that there are other kinds of secondary education besides those
given in schools which are" secondary" in the technical sense of
the word, and we believe that the larger significance ~ h i c h we
wish to claim for the word will be accepted without any very great
difficulty.
10 1. It is necessary, in addition, to distinguish by specific names
the different types of school giving secondary education. Of the
names which we have suggested-Grammar School,2 Modern
School and Senior Classes-the first is intended to be applied to
schools of the existing" secondary" type, which pursue in the
main a predominantly literary or scientific curriculum, the
second to schools analogous to the existing selective and non-
selective central schools, the third to departments or classes
within Puhlic Elementary Schools de!>igned for pupils who do not
pass to either of the above types of schools. The extension of
the name Grammar School to cover not only the old foundations
to which it is usually applied, but the larger number of County
and Municipal Secondary schools which have been founded since
1902, involves a new departure. But the name seems to us to
have several advantages. It suggests a predominantly academic
curriculum, in which languages and literature along with mathe-
matics and natural science playa considerable part. It links the
newer developments of secondary education to an ancient and
dignified tradition of culture. Its associations are valued by
the public; and we are informed that in some cases secondary
schools established quite recently by Local Education Authorities
have been called Grammar Schools for that reason.
1 See the notes on primary and ·secondary education in Appendix II .•
pages 266-268, and 273-274.
I See pages 268-269.
100 THE. LI:NES OF ADVANCE
For the second and third type of school a name is needed which
indicates that their curriculum, as compared with that of the
Grammar School, will be more realistic, in the sense of being more
closely related to practical interests. The German name for
such schools.-Realschulen--does not seem to have any complete
analogue in English. But we think that the word" Modem,"
expresses adequately what we mean, and that it will convey
to the public the right suggestion-that the education
which these schools offer, without being primarily vocational,
gives a prominent place to studies whose bearing on practical
life is obvious and immediate. The term." Senior Classes"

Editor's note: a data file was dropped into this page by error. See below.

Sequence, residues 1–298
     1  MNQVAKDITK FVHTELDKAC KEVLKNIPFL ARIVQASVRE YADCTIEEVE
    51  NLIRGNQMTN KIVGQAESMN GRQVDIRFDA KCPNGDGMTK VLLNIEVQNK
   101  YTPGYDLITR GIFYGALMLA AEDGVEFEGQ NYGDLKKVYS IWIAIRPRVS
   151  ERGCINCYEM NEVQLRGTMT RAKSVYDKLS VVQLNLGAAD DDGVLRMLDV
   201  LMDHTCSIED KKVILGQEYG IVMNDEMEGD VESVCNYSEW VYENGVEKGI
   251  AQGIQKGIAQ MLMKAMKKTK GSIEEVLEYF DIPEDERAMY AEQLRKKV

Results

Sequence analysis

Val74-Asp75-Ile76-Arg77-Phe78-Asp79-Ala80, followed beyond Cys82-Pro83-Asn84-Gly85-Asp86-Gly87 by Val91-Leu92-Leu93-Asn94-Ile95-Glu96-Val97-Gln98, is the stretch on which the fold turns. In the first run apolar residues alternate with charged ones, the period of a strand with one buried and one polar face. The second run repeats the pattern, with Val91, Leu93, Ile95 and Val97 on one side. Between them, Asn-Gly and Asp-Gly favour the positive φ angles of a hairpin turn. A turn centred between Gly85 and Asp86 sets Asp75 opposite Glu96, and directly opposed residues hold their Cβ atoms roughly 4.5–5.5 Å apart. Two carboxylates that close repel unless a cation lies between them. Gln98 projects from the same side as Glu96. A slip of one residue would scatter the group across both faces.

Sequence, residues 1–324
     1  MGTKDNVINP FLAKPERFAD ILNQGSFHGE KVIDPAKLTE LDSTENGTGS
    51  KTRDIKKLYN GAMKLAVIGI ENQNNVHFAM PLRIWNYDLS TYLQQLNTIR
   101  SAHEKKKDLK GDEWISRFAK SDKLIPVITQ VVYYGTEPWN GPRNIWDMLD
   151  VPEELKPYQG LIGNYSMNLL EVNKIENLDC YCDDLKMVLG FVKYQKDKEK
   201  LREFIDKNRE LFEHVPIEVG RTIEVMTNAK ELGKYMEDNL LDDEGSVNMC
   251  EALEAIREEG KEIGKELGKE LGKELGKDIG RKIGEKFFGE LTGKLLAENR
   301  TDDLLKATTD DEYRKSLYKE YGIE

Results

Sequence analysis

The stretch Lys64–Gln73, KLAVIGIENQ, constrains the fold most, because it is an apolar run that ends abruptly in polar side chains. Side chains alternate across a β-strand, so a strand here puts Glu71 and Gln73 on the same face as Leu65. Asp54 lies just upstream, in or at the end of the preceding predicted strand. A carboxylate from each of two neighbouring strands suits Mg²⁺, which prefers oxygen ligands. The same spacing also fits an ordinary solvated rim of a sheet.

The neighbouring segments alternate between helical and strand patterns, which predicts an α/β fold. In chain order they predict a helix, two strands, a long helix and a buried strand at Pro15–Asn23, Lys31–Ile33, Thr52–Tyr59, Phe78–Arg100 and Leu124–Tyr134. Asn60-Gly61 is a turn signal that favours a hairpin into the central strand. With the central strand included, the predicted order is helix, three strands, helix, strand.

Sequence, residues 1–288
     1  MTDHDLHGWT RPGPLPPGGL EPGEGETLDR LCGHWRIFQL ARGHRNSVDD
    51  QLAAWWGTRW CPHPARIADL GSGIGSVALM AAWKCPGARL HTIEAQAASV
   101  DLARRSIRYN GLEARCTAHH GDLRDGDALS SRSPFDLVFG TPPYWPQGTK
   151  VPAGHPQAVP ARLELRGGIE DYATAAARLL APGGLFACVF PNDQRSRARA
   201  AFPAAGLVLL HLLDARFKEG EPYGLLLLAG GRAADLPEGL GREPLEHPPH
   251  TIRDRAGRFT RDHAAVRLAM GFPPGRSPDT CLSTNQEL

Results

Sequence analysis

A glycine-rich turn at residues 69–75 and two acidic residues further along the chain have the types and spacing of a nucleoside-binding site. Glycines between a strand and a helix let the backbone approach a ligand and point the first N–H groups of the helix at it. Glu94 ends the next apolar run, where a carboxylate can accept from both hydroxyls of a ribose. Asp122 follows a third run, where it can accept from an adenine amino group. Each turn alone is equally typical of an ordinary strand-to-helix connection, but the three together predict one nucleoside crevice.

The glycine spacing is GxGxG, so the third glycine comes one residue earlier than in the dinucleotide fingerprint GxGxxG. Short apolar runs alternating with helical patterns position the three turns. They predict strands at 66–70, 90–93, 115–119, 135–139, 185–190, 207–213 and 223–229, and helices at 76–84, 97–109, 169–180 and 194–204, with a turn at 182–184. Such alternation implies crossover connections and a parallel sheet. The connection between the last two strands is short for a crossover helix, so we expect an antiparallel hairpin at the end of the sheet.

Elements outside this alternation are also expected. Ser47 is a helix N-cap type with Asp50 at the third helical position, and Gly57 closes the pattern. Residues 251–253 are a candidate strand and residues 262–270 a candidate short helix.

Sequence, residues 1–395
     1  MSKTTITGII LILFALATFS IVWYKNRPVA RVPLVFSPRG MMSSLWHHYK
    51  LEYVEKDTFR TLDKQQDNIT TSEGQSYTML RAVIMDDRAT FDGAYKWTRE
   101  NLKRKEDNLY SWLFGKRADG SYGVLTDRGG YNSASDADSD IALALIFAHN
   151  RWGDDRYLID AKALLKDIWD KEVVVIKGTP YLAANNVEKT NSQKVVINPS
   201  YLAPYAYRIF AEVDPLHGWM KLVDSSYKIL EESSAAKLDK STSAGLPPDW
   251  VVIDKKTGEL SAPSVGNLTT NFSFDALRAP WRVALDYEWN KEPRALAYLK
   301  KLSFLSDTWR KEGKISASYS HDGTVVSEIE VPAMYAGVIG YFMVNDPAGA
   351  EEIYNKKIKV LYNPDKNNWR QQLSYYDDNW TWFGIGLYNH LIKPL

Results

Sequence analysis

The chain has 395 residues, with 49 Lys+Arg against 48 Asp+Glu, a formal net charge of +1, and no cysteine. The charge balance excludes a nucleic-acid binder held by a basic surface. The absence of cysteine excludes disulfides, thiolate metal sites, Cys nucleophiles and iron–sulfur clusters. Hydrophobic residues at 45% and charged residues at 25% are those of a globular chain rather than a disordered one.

proposed for the fourth type of school is not free from
objection. We suggest it because it gives a general and simple
description of arrangements, which, while varying largely in their
form, a r ~ marked by the common characteristic that they are
designed for the older pupils who have not been transferred to
any of the three types of schools referred to above.
CHAPTER IV.
ClmRICULA FOR MODERN SCHOOLS AND SENIOR
CLASSES.
102. In the previous Chapter we gave some generaHildications
of the lines upon which curricula in Post-Primary Schools should
be framed, and in a later Chapter on Bias we discuss the special
work which might be undertaken in the latter years of the school
course. Here we are concerned more specifically with the
curriculum as a whole, and we offer some general
based on the evidence we received and upon the actual
practice in existing Post-Primary Schools in various areas.
There appear to be two opposing schools of modem educational
thought, with regard to the aims to be followed in the training of
older pupils. One attaches primary importance to the individual
pupils· and their interests; the other emphasises the claims of
society as a whole, and seeks· to equip the pupils for service as
workmen and citizens in its organisation .. When either tendency
is carried too far the result is unsatisfactory. If, on the one hand,
the education of older pupils be kept too general in the supposed
interests of individual development, the pupil is apt to find
himself ill-equipped on leaving school to cope with the demands
of modem life. If, on the other hand, undue stress be laid in the
sj;hool course on the needs of later life, and the training of the
pupil be made too specific, the individual man or woman may be
sacrificed to the workman or citizen. A well-balanced educational
system must combine these two ideals in the single conception of
social individuality. The general aim should therefore be to
offer the fullest possible scope to individuality, while keeping
steadily in view the claims and neer:ls of the society in which every
individual citizen must live. There· has. in our view, been too
great a tendency in some quarters to regard the school as an